We love our sheep.

We had been conventionally farming sheep and beef in the North Island for decades before deciding to move to Canterbury in 2005 to continue farm management and communication studies at Lincoln University. This eventually led to us both becoming lecturers there but the 2010 and 2011 Canterbury earthquakes provided a new and unexpected opportunity to sell our damaged home in Christchurch and buy a rural block within the shadow of the magnificent Southern Alps at Charing Cross near Darfield. This gave us the opportunity to continue to work at Lincoln and pursue a long held dream to set up a boutique sheep dairy based on ethical principles and make wonderful sheep dairy products.  

The initial plan was a joint venture with a Christchurch ice cream manufacturer to produce sheep milk ice cream but this has changed over time to be a more complete on-farm based ‘paddock to plate, ‘grass to glass’ adventure producing milk for cheesemakers, and our own products - fresh milk, yoghurt and fresh cheeses starting with Halloumi. We have parked the ice cream idea until next year.

From 2012, we have built up our farm infrastructure, developed our 200 ewe flock, built a dairy shed and an on-farm processing unit to produce legally compliant sheep dairy food products. It has been a real adventure and we have learned a lot.

Overwhelmingly, we have learned the importance of developing products that have the health of people, the sheep and the land at its heart. We are not organic because we need the option to use conventional animal health options if required but we farm using biological farming principles to grow soil microbial activity to support the ‘fruit salad’ pasture (mostly Lucerne, chicory, ryegrass, clover and plantain) our sheep, lovely as they are, are selective browsers and like a variety in their diet.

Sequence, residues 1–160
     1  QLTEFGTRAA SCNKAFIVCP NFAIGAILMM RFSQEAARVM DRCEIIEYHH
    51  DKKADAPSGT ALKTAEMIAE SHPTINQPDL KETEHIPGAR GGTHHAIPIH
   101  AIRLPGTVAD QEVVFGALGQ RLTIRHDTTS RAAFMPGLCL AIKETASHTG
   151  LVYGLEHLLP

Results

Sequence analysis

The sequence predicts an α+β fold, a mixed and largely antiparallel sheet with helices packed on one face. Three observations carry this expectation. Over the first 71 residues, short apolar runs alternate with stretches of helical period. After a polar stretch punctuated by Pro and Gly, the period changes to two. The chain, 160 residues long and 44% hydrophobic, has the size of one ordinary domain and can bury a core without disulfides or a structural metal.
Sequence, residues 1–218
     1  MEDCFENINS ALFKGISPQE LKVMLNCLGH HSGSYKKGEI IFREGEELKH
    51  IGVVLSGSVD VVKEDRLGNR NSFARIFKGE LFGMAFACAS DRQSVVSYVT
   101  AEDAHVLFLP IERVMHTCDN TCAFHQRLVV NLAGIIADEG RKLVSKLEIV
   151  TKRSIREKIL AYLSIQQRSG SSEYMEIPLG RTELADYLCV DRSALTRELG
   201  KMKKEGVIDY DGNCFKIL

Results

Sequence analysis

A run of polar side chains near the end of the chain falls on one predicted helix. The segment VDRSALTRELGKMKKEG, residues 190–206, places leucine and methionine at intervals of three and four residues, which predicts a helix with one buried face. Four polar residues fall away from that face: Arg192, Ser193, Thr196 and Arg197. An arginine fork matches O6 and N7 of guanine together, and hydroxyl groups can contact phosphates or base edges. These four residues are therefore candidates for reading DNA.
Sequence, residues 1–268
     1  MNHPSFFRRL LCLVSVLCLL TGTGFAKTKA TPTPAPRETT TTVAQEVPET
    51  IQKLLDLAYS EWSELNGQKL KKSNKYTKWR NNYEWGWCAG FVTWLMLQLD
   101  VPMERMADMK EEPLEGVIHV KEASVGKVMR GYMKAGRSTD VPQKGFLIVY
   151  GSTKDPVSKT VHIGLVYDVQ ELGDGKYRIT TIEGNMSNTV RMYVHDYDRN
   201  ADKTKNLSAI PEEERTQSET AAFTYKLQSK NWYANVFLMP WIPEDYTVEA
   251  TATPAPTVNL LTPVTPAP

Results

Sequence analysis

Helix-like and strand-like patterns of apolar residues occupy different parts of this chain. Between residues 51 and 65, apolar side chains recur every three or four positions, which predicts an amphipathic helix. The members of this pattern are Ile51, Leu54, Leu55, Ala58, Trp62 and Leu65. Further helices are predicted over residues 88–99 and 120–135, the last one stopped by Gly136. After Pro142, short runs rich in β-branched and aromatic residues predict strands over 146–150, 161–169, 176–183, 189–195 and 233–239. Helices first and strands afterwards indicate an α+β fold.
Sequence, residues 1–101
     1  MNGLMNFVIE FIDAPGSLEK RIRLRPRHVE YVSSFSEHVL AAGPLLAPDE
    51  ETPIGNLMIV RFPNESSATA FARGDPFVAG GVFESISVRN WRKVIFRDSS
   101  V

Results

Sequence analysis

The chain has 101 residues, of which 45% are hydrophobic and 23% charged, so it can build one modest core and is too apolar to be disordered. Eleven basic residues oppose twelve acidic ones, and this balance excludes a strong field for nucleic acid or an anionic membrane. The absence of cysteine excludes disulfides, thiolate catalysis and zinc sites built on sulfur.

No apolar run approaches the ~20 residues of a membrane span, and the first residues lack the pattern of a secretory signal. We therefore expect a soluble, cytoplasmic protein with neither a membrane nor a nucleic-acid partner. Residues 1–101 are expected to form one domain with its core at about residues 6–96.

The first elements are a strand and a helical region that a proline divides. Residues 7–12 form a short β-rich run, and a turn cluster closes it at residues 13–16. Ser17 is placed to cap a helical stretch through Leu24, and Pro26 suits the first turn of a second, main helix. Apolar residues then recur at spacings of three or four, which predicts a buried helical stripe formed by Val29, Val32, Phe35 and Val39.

We start full production this season (2017) and we are really excited to make food from milk from animals farmed with high animal welfare standards, a unique milk with great nutritional qualities and in a pastoral system designed to have a low environmental footprint.

One of the lovely aspects of this adventure has been the community support we have had.  In addition to our small farmlet, the sheep now graze a number of adjoining properties over the year. We see it as community farming, allowing a number of small holder to enjoy being part of our venture and benefitting from it.